Use the initial Center Of Mass (COM) as an origin.
It's trivial to show that the COM of a closed N-body system (in Newtonian physics) moves with a constant velocity. This is a relatively easy system to work with and transforming to other coordinate systems, such as the heliocentric one you mention, is relatively trivial compared to computing the 3D N-body system with good accuracy. A word of advice : if the math of converting between coordinate systems is a problem for you, the mathematics and algorithms of an accurate simulation will be likely much worse. I'd suggest trying out such conversion mathematics as a warm up exercise and if you're comfortable with that then dive into the simulation.
COM can be shown to move at constant velocity because it's a closed system (or can be treated as such over the timescale you mention), and so net force on the COM is zero, meaning it has to move with constant velocity.
Adding a small body like an extrasolar asteroid makes next to no difference to the system as a whole. It's a minute change. You can treat such objects as special cases, ignoring their effect on the system and just calculating the effect of the system on them. If you're planning to add very large bodies and see what happens then you need to include them in the general system all the way through the simulation.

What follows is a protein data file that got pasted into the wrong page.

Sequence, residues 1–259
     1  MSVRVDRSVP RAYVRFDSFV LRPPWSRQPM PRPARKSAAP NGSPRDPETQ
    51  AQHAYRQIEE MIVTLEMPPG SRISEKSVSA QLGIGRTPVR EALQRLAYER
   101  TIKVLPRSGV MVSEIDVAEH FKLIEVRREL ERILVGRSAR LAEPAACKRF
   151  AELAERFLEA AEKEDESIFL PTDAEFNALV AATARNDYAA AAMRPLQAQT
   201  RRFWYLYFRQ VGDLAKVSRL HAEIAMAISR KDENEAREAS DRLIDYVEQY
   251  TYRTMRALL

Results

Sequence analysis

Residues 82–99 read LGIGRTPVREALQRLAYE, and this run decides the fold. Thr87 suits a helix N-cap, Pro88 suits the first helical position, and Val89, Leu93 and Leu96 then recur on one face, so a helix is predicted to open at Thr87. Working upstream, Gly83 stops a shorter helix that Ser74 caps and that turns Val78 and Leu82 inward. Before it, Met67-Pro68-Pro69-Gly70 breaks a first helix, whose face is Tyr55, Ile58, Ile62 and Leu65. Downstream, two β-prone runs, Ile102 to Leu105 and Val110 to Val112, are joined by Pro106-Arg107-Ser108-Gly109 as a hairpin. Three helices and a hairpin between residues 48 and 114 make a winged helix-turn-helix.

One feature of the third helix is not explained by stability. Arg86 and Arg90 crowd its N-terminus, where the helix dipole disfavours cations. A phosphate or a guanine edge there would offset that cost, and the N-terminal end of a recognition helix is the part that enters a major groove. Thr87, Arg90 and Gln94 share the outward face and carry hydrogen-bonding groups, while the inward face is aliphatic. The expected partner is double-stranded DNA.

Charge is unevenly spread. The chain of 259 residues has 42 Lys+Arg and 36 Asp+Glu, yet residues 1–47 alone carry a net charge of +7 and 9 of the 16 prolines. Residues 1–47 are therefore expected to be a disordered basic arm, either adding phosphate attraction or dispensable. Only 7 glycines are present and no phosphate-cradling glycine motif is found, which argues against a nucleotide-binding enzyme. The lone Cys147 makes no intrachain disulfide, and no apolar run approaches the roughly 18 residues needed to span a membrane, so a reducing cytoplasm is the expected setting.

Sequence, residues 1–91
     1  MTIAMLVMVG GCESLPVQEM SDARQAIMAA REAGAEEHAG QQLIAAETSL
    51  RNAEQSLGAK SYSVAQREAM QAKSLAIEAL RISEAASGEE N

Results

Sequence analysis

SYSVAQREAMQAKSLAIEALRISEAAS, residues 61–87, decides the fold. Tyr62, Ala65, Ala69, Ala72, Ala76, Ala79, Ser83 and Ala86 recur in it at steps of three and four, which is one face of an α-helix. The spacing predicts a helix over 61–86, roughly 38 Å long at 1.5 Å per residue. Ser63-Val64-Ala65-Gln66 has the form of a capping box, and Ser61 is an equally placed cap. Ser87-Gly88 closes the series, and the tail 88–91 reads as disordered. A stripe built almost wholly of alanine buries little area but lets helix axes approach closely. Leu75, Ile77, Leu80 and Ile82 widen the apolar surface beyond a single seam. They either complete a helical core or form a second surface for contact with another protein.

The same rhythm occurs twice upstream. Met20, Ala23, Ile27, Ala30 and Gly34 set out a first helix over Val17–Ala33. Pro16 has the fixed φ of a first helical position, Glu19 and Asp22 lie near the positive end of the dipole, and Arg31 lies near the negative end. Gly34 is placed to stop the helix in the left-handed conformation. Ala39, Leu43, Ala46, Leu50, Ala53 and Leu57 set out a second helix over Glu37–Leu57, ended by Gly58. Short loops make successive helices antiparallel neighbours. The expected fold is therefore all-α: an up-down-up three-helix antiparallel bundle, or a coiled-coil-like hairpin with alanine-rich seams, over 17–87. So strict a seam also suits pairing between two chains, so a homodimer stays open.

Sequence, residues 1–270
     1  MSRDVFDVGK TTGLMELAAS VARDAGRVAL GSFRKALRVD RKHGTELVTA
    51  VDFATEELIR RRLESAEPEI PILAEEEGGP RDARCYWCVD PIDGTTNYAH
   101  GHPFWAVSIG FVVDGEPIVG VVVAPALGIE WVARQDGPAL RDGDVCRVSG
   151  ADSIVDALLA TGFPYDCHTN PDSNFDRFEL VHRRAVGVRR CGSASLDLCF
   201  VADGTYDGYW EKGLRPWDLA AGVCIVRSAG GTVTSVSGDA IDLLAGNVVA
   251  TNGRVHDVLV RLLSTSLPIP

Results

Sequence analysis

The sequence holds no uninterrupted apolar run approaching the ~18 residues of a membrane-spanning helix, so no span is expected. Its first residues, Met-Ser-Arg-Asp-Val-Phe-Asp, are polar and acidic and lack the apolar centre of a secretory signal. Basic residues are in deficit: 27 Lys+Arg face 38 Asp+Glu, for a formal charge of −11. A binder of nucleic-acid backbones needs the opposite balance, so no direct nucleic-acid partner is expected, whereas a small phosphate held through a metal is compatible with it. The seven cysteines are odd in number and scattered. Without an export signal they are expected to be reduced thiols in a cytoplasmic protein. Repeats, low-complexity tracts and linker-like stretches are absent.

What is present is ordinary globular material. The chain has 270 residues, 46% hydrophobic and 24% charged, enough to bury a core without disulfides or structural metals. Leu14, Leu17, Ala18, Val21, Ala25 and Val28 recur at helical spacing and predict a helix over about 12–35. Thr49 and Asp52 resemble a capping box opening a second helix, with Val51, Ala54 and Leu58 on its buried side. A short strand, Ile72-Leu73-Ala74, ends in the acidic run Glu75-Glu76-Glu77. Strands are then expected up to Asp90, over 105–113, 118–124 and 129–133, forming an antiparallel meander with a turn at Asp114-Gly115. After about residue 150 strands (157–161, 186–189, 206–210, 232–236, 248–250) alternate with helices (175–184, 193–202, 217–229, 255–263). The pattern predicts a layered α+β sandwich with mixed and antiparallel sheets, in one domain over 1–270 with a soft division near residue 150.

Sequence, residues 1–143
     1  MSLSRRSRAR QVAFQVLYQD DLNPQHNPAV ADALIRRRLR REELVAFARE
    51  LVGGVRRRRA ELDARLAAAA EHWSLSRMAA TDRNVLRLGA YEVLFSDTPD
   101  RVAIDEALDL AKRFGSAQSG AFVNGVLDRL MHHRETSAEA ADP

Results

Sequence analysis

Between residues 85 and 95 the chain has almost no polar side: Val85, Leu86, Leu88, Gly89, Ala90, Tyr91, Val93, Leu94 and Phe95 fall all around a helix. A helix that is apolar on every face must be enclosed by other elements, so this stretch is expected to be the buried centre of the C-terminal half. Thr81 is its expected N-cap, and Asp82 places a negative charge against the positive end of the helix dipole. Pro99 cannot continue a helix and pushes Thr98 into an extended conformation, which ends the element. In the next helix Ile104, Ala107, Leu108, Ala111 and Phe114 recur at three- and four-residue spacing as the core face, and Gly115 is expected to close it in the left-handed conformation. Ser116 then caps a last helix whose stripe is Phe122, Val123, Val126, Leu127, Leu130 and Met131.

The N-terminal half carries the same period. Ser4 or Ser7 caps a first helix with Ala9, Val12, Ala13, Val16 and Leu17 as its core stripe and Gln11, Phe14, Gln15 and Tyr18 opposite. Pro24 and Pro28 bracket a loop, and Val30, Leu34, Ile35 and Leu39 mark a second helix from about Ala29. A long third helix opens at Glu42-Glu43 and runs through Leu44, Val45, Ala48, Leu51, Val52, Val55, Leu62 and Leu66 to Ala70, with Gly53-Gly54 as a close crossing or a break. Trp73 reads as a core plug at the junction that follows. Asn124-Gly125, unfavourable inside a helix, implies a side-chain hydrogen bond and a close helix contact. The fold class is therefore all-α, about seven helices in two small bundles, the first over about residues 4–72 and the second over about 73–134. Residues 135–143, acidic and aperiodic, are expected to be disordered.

Note there are a lot of existing simulations out there that implement a wide range of approaches. This is a problem that has been extensively studied and a search online would yield a myriad of approaches.
The motion of the Barycenter is complex. I'd avoid this complication in what is already gong to be a messy mathematical system to simulate.
Your main priorities should be gathering accurate data for initial starting values (non trivial) and choice of algorithms. Choice or ordinate system is comparatively minor.